At the workshops I do with Faithful and True Ministries (for people struggling with compulsive sexual behavior), we talk a lot about the role of fantasy. We help people “take every thought captive,” not by trying to shut the thought out and make it go away, but by evaluating it, and trying to learn from it. When we look with sober and compassionate eyes at our fantasies, we find that they reveal hidden longings that often have arisen from unmet needs in our past. And when we learn ways to meet our needs in healthy ways, and work through the pain in our past, our fantasies lose much of their power.
This is true both of sexual and non-sexual fantasy. Many people have money fantasies (about winning the lottery, for example). Or sports fantasies. To this day, I find it hard to listen to certian types of music without fantasizing about being the musician on stage, playing the music I am listening to. These fantasies create scenarios where our desires for attention, esteem, security, and/or a host of other needs get met.
In my work as a coach, I also have come to see that fantasies can often be a barrier to healthy action. The more I fantasize about something, the less mental energy (and physical time) I have to devote to actually doing something about it. If I’m fantasizing about money, chances are I’m not doing the things I should be doing for my financial well-being. If I’m fantasizing about playing an instrument onstage, then I’m not working to develop my skills as a musician in real life.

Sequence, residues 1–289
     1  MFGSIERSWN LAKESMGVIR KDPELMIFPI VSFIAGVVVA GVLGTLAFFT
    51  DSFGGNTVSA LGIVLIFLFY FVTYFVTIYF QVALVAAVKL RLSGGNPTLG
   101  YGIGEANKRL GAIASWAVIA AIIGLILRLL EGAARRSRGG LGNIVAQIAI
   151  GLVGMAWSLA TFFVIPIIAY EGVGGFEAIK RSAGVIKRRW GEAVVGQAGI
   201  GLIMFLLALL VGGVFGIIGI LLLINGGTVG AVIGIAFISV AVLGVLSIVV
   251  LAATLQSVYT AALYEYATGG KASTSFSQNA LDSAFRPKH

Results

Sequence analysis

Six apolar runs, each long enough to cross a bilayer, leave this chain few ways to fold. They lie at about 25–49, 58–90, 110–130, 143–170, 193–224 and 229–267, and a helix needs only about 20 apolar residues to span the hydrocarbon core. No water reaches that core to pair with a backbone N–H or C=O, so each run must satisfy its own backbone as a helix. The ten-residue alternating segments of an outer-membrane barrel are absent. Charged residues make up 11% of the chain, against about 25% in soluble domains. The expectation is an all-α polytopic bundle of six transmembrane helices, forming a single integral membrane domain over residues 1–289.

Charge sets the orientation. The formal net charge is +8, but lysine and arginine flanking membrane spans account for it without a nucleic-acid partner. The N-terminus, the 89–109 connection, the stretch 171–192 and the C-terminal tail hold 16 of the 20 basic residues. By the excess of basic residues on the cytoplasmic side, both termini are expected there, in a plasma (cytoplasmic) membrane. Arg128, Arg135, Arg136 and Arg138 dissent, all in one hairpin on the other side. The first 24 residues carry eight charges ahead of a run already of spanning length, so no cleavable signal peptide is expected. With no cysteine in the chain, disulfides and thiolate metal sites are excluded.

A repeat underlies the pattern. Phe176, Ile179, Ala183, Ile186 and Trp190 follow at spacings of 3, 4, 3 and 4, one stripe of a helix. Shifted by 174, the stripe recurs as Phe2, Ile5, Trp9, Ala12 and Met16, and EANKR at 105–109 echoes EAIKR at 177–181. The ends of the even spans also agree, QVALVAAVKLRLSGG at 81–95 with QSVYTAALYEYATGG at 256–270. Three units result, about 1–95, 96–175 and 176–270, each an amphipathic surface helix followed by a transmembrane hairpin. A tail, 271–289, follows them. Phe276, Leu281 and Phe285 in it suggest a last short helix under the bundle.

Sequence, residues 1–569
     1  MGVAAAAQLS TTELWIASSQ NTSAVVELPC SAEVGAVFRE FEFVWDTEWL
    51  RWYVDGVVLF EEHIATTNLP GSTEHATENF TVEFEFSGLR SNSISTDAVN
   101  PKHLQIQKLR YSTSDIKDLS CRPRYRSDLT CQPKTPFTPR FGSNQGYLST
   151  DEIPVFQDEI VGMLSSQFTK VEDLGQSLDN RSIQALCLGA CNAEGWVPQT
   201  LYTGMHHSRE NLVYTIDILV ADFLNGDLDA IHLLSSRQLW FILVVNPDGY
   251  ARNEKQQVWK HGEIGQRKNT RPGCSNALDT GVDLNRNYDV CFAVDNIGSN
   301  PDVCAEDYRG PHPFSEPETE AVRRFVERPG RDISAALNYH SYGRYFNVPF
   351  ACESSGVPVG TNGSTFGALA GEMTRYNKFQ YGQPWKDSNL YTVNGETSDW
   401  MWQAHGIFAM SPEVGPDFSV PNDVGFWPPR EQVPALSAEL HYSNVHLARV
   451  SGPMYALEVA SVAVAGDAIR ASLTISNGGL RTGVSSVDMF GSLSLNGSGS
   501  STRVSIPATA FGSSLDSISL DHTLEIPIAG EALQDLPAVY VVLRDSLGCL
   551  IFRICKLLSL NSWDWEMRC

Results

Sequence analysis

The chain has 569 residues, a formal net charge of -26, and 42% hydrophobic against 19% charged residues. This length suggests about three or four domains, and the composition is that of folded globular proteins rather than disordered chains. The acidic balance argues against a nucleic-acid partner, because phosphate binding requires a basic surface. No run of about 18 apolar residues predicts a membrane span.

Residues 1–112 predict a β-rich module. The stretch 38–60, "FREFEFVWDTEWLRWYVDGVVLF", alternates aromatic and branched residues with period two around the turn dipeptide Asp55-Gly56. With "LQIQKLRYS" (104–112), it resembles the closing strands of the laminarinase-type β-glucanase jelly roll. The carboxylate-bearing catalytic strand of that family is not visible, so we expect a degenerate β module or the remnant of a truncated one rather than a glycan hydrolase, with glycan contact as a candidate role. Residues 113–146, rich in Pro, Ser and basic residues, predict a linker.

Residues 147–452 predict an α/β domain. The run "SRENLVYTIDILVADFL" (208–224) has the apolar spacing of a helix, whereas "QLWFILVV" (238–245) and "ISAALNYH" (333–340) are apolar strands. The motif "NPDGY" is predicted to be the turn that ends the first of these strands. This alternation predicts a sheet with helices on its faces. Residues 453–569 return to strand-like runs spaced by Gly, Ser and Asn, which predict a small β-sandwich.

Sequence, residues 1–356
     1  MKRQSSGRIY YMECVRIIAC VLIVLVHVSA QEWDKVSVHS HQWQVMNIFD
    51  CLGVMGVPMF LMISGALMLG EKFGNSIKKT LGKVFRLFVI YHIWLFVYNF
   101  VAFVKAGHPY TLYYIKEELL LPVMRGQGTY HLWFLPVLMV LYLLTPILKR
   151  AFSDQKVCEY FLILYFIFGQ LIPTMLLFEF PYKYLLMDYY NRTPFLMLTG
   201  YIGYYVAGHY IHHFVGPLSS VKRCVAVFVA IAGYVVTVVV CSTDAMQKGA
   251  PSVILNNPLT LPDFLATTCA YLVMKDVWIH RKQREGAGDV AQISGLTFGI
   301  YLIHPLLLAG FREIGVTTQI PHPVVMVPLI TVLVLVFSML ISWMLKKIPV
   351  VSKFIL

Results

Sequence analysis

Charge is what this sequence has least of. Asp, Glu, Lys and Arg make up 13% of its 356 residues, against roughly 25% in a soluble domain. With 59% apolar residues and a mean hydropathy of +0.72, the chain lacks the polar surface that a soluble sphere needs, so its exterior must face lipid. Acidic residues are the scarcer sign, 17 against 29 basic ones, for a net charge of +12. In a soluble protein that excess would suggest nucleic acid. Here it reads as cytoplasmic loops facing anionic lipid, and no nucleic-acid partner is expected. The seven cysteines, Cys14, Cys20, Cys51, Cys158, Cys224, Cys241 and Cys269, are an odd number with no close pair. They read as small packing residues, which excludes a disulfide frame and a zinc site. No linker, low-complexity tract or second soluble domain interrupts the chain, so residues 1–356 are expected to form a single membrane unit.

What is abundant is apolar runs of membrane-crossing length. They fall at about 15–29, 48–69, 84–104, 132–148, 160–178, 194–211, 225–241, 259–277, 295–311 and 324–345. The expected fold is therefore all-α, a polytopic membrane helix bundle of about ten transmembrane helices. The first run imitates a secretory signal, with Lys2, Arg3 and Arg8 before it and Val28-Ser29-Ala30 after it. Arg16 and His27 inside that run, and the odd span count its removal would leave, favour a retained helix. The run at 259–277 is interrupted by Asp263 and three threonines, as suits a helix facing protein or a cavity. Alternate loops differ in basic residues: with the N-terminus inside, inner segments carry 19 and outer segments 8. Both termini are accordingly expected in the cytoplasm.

All of this brings me to an extended, yet elegant, quote from Jim McGregor. Here’s what he says about wishing and fantasizing, and its role in recovery:
Wishing that I were someone else – more famous, wealthier, stronger, more beautiful, or more serene – is destructive to my well-being.
By changing my attitude of wishing and fantasizing to that of acceptance and gratitude, I will no longer be devastated by disappointments and losses.
Being famous, wealthy, strong, beautiful or serene is fine but not required for my well-being.
The reality of the present moment is my starting point. I can choose to let go and allow the growth process to begin, or I can continue to fantasize and stay where I am.